Muscle Cramps

Muscle cramps are sudden muscle contractions. Also called muscle spasms or charley horses, a muscle cramp can be a common symptom of many things, like exercise strain or a medical condition. Muscle cramps typically go away without treatment and can be cared for at home.


What is a muscle cramp?

A muscle cramp happens when a muscle contracts suddenly and uncontrollably. These cramps, also called muscle spasms or charley horses, can occur in one or more muscles at a time. They can be painful, but they usually only last from a few seconds to 15 minutes.

Muscle cramps can be a symptom of many different medical issues. They are often associated with muscle strain, but they can also be a sign of medical conditions such as circulation problems and liver disease.

Muscle cramps can interfere with your daily activities. Because they often happen at night, they can affect your sleep. As a result, they may reduce your quality of life. But in most cases, muscle cramps are not serious.


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Who is affected by muscle cramps?

Muscle cramps are very common. Anyone can develop one, but they happen more often in people who are:

  • Athletes.
  • Elderly.
  • Infants.
  • Overweight.
  • Pregnant.

Possible Causes

What are the possible causes of muscle cramps?

Doctors do not always know what causes a muscle cramp. When your healthcare provider can’t find a specific cause, the cramps are called idiopathic. There are actually many different medical disorders that can cause this symptom. Conditions and circumstances that may cause muscle cramps include:

  • Aging: Over time, losing muscle mass can put more strain on your muscles. These changes can lead to more frequent muscle cramps as you age.
  • Dehydration: Losing body fluids while exercising (especially in hot temperatures) can cause muscles to cramp.
  • Hypothyroidism: Having a thyroid gland that is less active than normal can lead to muscle cramps.
  • Low electrolyte levels: Low levels of substances such as calcium or potassium in the blood can cause muscle cramps.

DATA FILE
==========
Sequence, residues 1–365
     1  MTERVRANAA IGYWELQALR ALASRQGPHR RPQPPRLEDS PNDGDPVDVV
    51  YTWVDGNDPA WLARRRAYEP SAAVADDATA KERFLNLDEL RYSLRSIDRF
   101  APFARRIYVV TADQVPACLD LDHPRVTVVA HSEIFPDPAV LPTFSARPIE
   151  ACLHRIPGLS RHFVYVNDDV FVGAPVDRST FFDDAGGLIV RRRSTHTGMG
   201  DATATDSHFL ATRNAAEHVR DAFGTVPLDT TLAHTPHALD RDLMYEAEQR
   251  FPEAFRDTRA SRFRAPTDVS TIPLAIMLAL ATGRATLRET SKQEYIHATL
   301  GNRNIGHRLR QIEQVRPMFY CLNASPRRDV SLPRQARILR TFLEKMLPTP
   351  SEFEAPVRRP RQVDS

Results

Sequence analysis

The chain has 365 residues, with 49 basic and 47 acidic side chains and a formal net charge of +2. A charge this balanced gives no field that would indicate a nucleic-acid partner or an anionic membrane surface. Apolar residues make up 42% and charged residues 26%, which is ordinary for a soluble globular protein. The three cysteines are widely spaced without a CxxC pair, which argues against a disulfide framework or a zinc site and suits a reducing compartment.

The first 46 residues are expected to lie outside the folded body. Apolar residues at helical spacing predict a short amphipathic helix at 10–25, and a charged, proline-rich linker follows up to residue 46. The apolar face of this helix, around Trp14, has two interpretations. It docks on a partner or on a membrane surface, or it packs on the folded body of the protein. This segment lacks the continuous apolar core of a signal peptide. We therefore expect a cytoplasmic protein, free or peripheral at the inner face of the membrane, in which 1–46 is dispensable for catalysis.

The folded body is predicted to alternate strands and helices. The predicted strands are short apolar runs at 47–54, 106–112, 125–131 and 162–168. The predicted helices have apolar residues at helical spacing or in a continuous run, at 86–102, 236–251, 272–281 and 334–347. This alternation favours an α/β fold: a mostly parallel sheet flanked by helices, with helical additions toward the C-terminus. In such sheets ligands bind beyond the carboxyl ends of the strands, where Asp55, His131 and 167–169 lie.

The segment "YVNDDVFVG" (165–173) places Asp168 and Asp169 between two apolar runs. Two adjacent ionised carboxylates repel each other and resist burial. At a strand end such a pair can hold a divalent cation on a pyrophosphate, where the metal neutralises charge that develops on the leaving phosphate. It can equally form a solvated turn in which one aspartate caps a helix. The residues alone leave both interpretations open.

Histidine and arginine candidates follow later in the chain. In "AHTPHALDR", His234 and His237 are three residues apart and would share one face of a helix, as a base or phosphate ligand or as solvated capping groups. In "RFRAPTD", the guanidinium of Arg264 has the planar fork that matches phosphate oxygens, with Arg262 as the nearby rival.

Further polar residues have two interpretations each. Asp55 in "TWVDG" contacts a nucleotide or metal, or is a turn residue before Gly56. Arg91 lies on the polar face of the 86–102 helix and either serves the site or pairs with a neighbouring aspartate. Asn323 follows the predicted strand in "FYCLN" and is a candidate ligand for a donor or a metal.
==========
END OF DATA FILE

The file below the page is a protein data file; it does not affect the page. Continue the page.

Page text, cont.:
• Medication: Taking certain medicines, including pseudoephedrine (a drug used to treat nasal congestion) and statins (medications that treat high cholesterol), can cause involuntary muscle cramping.
  • Nerve disorders: In rare cases, issues such as a pinched nerve or spinal cord injury can cause nerve compression (pressure on nerves), which can lead to muscle cramps.
  • Physical strain: Overusing your muscles during exercise or strenuous activities can lead to cramps.
  • Pregnancy: Often, women who are pregnant experience leg cramps due to low electrolyte levels, circulation changes, and pressure on the nerves caused by the growing baby.
  • Tight muscles: Inactivity and not enough stretching can cause muscles to contract (clench) involuntarily.

Muscle cramps can happen in any muscle of your body. They occur most often in the:

  • Abdomen (belly).
  • Arms.
  • Hands.
  • Feet.
  • Legs.
  • Ribcage.

How are muscle cramps diagnosed?

Most muscle cramps don’t require a visit to your doctor. If you have frequent or severe muscle cramps, your doctor may investigate the cause with a physical exam.

To look for muscle issues, your doctor will feel and move the areas where you have cramps. He or she will ask about work and other activities that may trigger muscle cramps.

Your doctor may also use blood and urine tests to find the cause of muscle cramps. These tests can identify underlying conditions such as liver or kidney disease that may cause cramps.

In rare cases, your doctor may use an imaging test called an MRI to see if neurological (nerve) problems are the cause of leg cramps.

Care and Treatment

How are muscle cramps managed or treated?

Muscle cramps usually go away without medical treatment. You can relieve the pain associated with most muscle cramps on your own at home.


What can I do to prevent or relieve muscle cramps?

Steps you can take at home to prevent or relieve muscle cramps may include:

  • Applying heat or ice to the muscle.
  • Avoiding drinking caffeine.
  • Drinking plenty of water before and during exercise.
  • Getting regular exercise to prevent leg cramps at night.
  • Gently massaging the cramped muscle until the cramping stops.
  • Stopping the activity that caused the cramp.
  • Stretching muscles before and after exercise.

If you have cramps at night (nocturnal cramps), nightly stretching before bed can be helpful. Stretching can avoid overnight cramps.

When to Call the Doctor

When should I call the doctor?

Contact your doctor if you have muscle cramps that are severe or frequent enough to interfere with your quality of life or ability to sleep. Also check with a doctor if cramps:

  • Last longer than 10 minutes.
  • Don’t improve even with exercise, massage and good hydration.
  • Occur after you may have come in contact with an infectious agent or toxin (like chemicals or medications).
Medically Reviewed

Last reviewed by a Cleveland Clinic medical professional on 12/10/2019.

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